Lean product development is a great thing. You should be using it. If you’re just getting going, these are the most common 6 ways we, at Fluxx, have messed it up in the past 5 years of learning, so please feel free to not follow in our footsteps.
1. You’re not sure what problem or opportunity you’re addressing (e.g. you just have a general brief like — ‘making customers happier when they shop online’). Themes like this are valuable for defining overall direction and scope but you need a measurable hypothesis if you’re going to make good progress and great products (e.g. ‘We believe we can improve and maintain post-purchase NPS by 10pts by setting clearer expectations for product delivery with customers’). Have a clear hypothesis. Build an MVP. Learn whether you were right.
2.You don’t have at least one senior supporter. Lean involves doing things quickly with customers. Most large companies have evolved structures which have been put in place precisely to stop you doing things quickly with customers. We’ve worked with enterprises with ‘cycle times’ up to 2 years long before a new product has the first customer contact. Don’t start your Lean programme (or don’t tell anyone you’ve started) until you’ve got a senior sponsor. Without this person you’re never going to be able to make bold progress. Find them, stalk them. Win them over.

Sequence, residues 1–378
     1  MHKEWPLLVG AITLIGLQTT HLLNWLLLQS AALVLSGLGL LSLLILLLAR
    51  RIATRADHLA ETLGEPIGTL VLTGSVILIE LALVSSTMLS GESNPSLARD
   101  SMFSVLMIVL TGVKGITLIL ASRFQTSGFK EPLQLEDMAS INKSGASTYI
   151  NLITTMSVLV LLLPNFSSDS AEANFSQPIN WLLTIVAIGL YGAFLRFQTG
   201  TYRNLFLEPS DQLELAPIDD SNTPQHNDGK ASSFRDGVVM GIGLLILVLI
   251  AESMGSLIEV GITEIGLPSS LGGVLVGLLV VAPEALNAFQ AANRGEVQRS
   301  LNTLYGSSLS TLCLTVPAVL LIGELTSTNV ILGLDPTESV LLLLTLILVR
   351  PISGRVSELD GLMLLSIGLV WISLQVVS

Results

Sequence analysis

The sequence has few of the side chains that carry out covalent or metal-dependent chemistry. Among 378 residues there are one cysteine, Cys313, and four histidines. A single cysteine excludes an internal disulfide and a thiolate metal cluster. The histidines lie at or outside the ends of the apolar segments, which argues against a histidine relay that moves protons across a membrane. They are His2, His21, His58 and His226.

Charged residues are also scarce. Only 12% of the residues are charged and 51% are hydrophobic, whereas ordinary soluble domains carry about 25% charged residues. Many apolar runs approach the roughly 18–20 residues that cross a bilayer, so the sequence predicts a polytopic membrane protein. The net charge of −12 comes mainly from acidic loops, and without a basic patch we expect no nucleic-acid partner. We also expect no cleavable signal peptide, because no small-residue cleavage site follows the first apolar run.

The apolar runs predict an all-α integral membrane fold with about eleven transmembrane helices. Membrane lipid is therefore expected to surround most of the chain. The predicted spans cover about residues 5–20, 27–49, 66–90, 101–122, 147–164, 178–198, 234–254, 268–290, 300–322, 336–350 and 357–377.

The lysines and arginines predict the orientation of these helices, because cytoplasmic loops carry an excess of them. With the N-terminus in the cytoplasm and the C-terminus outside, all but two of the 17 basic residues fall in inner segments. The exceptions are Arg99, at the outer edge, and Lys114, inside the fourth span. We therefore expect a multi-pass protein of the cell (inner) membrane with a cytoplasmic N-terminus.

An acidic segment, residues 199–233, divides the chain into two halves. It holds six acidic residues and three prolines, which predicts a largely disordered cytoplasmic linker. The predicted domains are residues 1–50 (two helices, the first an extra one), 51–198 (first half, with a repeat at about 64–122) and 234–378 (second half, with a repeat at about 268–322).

3.You don’t get risk/compliance bought in. You’re going to need these people in your tent at some stage in your Lean programme, better to start on day 1. Some of the best people we’ve worked with have come from a compliance/risk background. The most valuable are those that understand the spirit and not just the letter of the external and internal constraints on your product. Make friends with them, they will be so pleasantly surprised by this that they will help you.
4.You can’t resist perfecting your new product or service. There is no point perfecting something that nobody wants. Set a deadline for customer contact. Stick to it. Test and learn and go again. If you’re worried about quality, launch a good, small thing — but launch something. You’ve achieved exactly nothing until you’ve launched a product to customers.
5.You ‘interpret’ customer feedback. Just listen to it. Remember you’re doing this to learn. Including learning if your product or service is not what customers want. It is easy when customers don’t buy something to convince yourself that they don’t ‘understand’ it. It’s amazing how involved and protective a team becomes of its product. Don’t get so attached to it you can’t listen to customer feedback.
6.You can’t resist improving the standard Lean methodology. Like its cousin ‘agile’ most big companies and many snake oil consultants can’t resist creating their own special versions of Lean. Please trust us, you are not improving it. It was called Lean for a reason. At its best you are wasting effort you could better spend on the product, at its worst you are breaking the methodology (witness the many attempts to make hybrid agile-waterfall methods, and this wisdom from Reed who have been down and back up this road on the way to somewhere better). Lean isn’t broken, don’t fix it.
It may seem that’s a lot of things to think about, but the many joys of Lean make these potential pitfalls look trivial. The most common reaction we find on introducing Lean programmes to enterprises is “wow — how did we do so much, so fast?”